US trade agreements with Sub-Saharan African countries

Excerpt from 2007 Comprehensive Report on U.S. Trade and Investment Policy Toward Sub-Saharan Africa and Implementation of the African Growth and Opportunity Act, Office of the United StatesTrade Representative, May 2007

Trade Agreements with Sub-Saharan African Countries

A. Overview

Section 116 of AGOA calls for the negotiation of FTAs with countries in sub-Saharan
Africa. An FTA with a sub-Saharan African trading partner would provide guaranteed
access to the U.S. market and support sub-Saharan Africa’s long-term investment,
economic growth, and development. An FTA would also help to support sub-Saharan
African countries’ economic reform efforts, further Africa’s integration into the global
economy, and lower the perceived risk of investing in Africa.

The United States currently has no FTAs with countries in sub-Saharan Africa. Given
sub-Saharan Africa’s specific circumstances, including its generally low levels of
economic, administrative, and regulatory development, many countries in the region are
not currently in a position to enact the types of policies and reforms that would be
required for a comprehensive FTA with the United States. In view of the near-term
challenges of completing an FTA with a sub-Saharan African partner, the Administration
is pursuing alternative means of strengthening our trade and investment relationships
with key African partners, including trade and investment framework agreements
(TIFAs), bilateral investment treaties (BITs), and a proposed trade and investment
cooperation agreement (TICA).

The Administration is using TIFAs, BITs, and the proposed TICA to expand market
access; strengthen the links between trade and economic development strategies;
encourage greater foreign investment; and promote regional economic integration and
growth. The objective is to use these mechanisms to transition from U.S.-Africa trade
and investment relationships based on one-way trade preferences to deeper, more
reciprocal partnerships, such as that established by an FTA.
The Administration will continue to explore the potential for FTAs with sub-Saharan
African countries, particularly if Congress extends Trade Promotion Authority. In further
exploring FTAs and other agreements with sub-Saharan African countries, the
Administration will consult closely with Congress and with other constituencies,
including the business community.

B. U.S.-SACU FTA/U.S.-SACU TICA

The United States and the Southern African Customs Union (SACU) - comprising
Botswana, Lesotho, Namibia, Swaziland, and South Africa - launched FTA negotiations
in June 2003. SACU countries are key AGOA beneficiaries, with U.S. imports from
these countries under AGOA valued at $2.4 billion in 2006. They also comprise the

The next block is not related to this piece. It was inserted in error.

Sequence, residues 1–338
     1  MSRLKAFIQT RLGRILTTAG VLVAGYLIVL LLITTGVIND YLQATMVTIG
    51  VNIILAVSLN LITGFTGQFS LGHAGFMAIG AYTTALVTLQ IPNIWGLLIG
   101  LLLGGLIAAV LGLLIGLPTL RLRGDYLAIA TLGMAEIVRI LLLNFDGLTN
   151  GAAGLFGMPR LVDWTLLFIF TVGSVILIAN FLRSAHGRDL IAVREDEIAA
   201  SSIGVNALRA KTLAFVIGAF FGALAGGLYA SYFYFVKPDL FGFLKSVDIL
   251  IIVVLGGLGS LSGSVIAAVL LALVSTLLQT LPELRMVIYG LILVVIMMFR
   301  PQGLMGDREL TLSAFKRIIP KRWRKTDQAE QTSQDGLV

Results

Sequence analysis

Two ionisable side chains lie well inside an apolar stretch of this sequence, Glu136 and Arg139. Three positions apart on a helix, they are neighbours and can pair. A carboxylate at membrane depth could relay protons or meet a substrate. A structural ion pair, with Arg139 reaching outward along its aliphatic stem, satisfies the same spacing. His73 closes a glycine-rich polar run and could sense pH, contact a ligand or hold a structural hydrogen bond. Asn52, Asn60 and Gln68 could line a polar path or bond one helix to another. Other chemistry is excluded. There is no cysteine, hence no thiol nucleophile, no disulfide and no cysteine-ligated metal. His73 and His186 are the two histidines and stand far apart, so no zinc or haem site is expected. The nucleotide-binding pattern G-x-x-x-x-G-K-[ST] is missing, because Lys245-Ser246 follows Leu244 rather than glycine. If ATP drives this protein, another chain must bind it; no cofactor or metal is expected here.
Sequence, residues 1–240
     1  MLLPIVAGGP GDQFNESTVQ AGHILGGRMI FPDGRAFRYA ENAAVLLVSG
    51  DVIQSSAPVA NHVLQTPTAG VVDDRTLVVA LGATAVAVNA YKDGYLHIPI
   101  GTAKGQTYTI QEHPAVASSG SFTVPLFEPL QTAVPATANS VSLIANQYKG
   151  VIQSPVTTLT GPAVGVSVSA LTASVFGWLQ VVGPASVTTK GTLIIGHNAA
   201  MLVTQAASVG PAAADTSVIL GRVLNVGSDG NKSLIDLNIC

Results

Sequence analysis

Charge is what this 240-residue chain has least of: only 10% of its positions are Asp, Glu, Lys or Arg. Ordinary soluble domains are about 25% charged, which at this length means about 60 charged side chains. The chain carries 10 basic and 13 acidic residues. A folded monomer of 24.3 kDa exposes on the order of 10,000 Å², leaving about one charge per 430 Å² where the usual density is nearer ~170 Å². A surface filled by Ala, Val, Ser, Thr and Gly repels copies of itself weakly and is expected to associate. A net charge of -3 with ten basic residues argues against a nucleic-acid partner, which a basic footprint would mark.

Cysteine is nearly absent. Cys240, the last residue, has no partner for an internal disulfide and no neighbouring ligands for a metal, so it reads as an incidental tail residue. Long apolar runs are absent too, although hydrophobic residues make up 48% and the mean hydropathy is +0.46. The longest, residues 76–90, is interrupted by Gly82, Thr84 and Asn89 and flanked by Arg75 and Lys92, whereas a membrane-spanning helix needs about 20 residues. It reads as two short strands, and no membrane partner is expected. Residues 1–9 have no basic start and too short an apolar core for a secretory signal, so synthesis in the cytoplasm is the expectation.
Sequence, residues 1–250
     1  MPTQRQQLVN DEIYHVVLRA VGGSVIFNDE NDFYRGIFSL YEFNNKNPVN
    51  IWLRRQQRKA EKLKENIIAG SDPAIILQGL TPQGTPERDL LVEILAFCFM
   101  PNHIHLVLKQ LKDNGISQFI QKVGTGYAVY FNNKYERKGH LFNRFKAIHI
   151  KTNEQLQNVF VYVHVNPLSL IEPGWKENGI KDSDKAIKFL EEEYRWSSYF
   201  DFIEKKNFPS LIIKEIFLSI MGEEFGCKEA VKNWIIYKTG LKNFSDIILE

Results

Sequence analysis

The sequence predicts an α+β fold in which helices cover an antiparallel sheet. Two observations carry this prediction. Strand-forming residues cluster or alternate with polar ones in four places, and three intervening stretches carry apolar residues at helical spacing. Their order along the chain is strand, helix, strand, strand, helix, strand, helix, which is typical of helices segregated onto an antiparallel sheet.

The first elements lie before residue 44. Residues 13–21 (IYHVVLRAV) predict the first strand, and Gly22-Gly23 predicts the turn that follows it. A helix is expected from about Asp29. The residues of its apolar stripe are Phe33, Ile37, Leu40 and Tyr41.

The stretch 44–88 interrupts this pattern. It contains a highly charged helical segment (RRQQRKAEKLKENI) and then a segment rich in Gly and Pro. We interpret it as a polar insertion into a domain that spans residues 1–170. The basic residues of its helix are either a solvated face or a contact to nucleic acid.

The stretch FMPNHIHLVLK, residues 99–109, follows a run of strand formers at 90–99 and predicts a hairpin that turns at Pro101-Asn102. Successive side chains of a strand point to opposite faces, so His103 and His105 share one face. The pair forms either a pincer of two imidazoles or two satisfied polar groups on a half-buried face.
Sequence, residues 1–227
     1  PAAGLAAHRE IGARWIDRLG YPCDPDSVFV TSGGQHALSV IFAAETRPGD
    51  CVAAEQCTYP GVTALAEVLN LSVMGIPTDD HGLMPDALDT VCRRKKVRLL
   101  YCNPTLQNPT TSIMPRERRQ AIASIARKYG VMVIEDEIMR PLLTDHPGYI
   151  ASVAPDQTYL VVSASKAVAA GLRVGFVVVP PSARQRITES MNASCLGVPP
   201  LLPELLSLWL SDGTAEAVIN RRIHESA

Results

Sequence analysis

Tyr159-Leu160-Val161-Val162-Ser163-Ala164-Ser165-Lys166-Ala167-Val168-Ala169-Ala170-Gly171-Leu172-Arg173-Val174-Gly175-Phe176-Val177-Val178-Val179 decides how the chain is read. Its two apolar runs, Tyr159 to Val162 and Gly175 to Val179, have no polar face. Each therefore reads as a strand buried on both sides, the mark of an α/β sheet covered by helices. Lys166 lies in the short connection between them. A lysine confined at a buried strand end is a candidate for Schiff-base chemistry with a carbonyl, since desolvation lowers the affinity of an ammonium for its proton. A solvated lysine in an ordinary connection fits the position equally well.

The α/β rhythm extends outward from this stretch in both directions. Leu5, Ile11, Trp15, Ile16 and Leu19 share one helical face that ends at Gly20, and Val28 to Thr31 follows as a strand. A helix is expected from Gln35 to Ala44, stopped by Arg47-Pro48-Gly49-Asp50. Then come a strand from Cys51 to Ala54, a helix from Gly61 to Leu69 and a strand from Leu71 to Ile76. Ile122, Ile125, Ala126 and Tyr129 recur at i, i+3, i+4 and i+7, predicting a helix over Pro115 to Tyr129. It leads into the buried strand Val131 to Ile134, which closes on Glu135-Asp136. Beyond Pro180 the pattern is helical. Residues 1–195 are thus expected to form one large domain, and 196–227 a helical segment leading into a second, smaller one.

largest U.S. export market in sub-Saharan Africa, with $4.6 billion in U.S. exports in
2006, and have a strong record on economic reforms. Concluding an FTA with the
United States requires critical, yet fundamental, reforms and disciplines that are inherent
to the obligations contained in U.S. FTAs. Active FTA negotiations with SACU were
suspended in April 2006, largely due to divergent views on the scope and level of
ambition for the FTA. SACU is not yet ready to undertake many of the comprehensive
commitments inherent to a U.S. FTA. However, an FTA remains a longer-term objective
for both the United States and SACU. In November 2006, the United States and SACU
agreed to pursue a trade and investment cooperation agreement (TICA), that could help
lead the United States and SACU to negotiation of an FTA in the longer term. The TICA
would 1) establish a forum for consultative discussions on a wide range of trade issues,
including but not limited to FTA issues; 2) develop sector-specific work plans that should
lead to increased U.S.-SACU trade and investment in the near term; and 3) put in place
the “building blocks” for an FTA in the longer term.

C. Trade and Investment Framework Agreements

TIFAs are important tools for strengthening economic relations with key countries and
regional organizations. They provide a formal mechanism to address bilateral trade
issues and to help enhance trade and investment relations between the United States and
key sub-Saharan African trade and investment partners. The Administration is using its
TIFAs with sub-Saharan Africa countries to encourage new trade and investment by
implementing country- and region-specific strategies that promote trade and investment.
Over the last year, the Administration signed new TIFAs with three African partners:
Rwanda, Mauritius, and Liberia. At the same time, it intensified its dialogue and
cooperative work with existing TIFA partners in Ghana, Nigeria, South Africa,
Mozambique, COMESA, and UEMOA.

D. Bilateral Investment Treaties

U.S. Bilateral Investment Treaties (BITs) help protect U.S. investment and promote
market-oriented policies overseas. BITs establish rules that reduce or eliminate
investment barriers, provide greater transparency, and increase investor confidence.
Investment is critical for Africa’s development, and BITs help promote economic growth
by advancing important reforms and encouraging the adoption of liberal policies that
facilitate and support foreign investment. The United States has five BIT partners in sub-
Saharan Africa - Cameroon, the Democratic Republic of the Congo, Senegal, the
Republic of the Congo, and Mozambique. The Administration expects to launch BIT
negotiations with Rwanda in mid-2007. It is exploring the possibility of launching BIT
negotiations with Gabon.

keywords:
source: USTR